This range makes it difficult for the plant to thrive in cold winter, but you can always grow it inside during those months.
This also makes it a great option for sprucing up the look of the exterior as well as the interior of your home with some fresh, bright green foliage.
Provide at least 60% humidity for a Ficus pumila. These Ficus plants are humidity-loving.
A creeping fig requires a humid surroundings, so you may need to provide the plant with artificial sources of humidity if you live in a dry climate region.
If your climbing figs grow vertically on a wall or fence, keep water-filled trays next to the base of the plant.
The gradual evaporation of water creates a more suitable condition for your creeping fig.
For indoor creeping figs, Humidity is an equally essential element for indoor creeping figs as for the outdoor vines.
Apart from placing trays for the potted plants, it would be best if you also made sure that the creeping fig doesn’t sit on a dry window sill for long hours.
Using an air humidifier or spraying the plant with water results in optimal living conditions for your Ficus pumila.
Fertilize the Creeping Fig using a balanced liquid fertilizer such as NPK 5-5-5 or 10-10-10 monthly in spring and summer.
Using the right fertilizers will help your fig ivy to grow faster.
Prefer going for a general-purpose liquid fertilizer while feeding the plant once a month during the summer, spring, and early fall months.
Once the climate gets colder, feed the plant every other month to ensure optimal growth.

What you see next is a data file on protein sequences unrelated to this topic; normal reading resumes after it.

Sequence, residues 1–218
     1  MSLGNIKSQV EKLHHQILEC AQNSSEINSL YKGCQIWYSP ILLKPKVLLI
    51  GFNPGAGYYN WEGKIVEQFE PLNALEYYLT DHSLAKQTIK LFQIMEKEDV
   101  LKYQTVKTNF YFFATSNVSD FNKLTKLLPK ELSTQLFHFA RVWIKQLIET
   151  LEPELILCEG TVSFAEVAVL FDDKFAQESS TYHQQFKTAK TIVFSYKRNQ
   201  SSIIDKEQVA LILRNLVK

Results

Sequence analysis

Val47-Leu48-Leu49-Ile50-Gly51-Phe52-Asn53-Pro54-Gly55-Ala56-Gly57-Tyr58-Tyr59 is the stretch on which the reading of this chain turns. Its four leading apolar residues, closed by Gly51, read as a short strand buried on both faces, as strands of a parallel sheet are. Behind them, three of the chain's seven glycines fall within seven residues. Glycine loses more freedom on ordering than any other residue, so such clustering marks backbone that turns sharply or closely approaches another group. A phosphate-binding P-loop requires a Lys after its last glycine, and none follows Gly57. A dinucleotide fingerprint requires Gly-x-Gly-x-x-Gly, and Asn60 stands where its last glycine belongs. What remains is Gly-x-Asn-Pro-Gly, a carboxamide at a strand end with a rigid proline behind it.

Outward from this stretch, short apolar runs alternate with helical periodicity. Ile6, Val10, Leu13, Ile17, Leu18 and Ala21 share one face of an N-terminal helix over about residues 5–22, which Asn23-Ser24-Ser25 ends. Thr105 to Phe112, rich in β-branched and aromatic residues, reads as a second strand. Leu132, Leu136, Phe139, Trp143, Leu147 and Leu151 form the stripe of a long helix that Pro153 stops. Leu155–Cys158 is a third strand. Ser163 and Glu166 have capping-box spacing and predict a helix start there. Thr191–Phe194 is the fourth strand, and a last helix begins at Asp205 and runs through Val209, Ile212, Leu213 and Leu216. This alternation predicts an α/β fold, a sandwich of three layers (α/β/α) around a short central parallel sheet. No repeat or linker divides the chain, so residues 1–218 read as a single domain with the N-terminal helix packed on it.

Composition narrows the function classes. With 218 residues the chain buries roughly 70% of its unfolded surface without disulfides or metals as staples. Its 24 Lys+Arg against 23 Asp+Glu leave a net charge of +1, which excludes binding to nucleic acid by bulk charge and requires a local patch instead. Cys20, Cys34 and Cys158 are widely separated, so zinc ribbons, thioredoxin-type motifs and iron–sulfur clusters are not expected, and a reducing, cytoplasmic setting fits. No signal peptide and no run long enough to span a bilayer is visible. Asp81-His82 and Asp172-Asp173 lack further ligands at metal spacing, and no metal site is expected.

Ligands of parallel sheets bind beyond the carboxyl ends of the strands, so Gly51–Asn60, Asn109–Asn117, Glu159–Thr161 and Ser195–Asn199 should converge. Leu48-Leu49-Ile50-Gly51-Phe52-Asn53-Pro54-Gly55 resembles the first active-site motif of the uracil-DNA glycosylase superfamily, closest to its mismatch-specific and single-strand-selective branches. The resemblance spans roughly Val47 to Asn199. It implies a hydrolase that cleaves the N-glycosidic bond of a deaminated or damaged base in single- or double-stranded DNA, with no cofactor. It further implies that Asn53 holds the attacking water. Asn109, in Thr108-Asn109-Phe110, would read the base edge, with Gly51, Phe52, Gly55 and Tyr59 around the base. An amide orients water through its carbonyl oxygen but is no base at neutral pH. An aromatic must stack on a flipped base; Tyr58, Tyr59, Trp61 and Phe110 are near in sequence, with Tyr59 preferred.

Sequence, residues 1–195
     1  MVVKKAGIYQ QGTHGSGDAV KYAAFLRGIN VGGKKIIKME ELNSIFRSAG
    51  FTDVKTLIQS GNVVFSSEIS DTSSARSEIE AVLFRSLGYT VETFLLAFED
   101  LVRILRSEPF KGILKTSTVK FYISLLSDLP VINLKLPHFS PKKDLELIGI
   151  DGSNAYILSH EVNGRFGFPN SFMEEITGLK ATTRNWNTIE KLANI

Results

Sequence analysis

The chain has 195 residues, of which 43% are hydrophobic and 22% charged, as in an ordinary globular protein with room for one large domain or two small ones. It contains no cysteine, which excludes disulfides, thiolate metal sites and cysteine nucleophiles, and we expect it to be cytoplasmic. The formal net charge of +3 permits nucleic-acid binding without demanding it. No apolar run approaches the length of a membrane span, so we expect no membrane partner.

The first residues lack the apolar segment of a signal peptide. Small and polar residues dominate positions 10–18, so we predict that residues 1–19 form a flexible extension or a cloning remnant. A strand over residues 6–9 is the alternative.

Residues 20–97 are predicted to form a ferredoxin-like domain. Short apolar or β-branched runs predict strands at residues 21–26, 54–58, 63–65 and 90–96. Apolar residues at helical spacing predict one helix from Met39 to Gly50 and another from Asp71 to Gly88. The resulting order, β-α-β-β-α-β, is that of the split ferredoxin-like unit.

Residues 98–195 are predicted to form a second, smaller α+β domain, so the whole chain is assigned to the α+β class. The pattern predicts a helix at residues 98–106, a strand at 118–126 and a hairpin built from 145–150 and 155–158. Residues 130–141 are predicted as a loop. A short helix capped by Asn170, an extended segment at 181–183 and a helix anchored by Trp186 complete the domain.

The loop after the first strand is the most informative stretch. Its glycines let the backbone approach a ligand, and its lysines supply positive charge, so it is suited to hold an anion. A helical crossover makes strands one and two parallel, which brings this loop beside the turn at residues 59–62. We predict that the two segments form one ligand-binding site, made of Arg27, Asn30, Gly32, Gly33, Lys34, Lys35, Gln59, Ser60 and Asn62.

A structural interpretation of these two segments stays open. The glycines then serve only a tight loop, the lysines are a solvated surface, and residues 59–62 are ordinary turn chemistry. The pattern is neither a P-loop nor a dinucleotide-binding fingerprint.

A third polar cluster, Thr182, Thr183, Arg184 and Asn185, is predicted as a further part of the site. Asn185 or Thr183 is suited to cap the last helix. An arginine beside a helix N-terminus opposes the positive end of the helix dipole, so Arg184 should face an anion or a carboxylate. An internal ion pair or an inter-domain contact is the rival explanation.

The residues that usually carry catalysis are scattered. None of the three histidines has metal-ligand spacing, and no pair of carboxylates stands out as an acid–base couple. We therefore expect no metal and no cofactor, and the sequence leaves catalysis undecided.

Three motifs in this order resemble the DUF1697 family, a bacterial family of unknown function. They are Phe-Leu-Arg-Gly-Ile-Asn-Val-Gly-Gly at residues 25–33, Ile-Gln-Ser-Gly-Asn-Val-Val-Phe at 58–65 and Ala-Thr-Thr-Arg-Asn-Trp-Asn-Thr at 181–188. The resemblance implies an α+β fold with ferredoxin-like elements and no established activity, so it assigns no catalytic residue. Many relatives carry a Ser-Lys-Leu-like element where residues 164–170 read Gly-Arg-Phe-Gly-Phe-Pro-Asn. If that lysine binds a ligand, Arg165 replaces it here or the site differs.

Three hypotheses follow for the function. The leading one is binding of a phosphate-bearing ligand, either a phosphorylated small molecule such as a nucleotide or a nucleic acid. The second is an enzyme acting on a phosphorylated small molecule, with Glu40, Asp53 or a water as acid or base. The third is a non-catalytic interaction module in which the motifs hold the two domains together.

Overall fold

However, if you are looking for slower growth and don’t want the creeping fig vines from spreading uncontrollably, you can skip fertilizing the soil altogether.
The plant will still grow remarkably quickly, but won’t require pruning too often.
Creeping Fig Propagation
Propagate the Creeping Fig using stem cuttings.
To cover as much wall or fence as you want with those bright vines, you don’t need to buy more Ficus pumila.
You can use the existing plant specimen around the house to generate more plants, that too in just a matter of a few weeks.
However, it would be best if you waited until spring arrives before beginning the propagation process.
Doing that after the growing season will reduce your chance of successful propagation.
Propagating Ficus pumila works best with the stem-cutting method.
Find a healthy plant and grab a branch that has fresh leaves growing on it.
Once you have the stem, follow the below steps to get it done.
Cut a 6-8 inch piece off the branch with the help of gardening shears or a pair of scissors.
Ensure you don’t break the stem with your hands to avoid creating a jagged wound that’s difficult for the plant to heal.
Remove the leaves from the bottom 3 inches (7.5 cm) of the creeping fig stem you cut.
Fill a container or glass with filtered water, putting the cutting into the same while keeping the wound side down.
Although it works well without a rooting hormone, if you want to speed up the process, dip the wound into a quality rooting hormone before placing it into the water.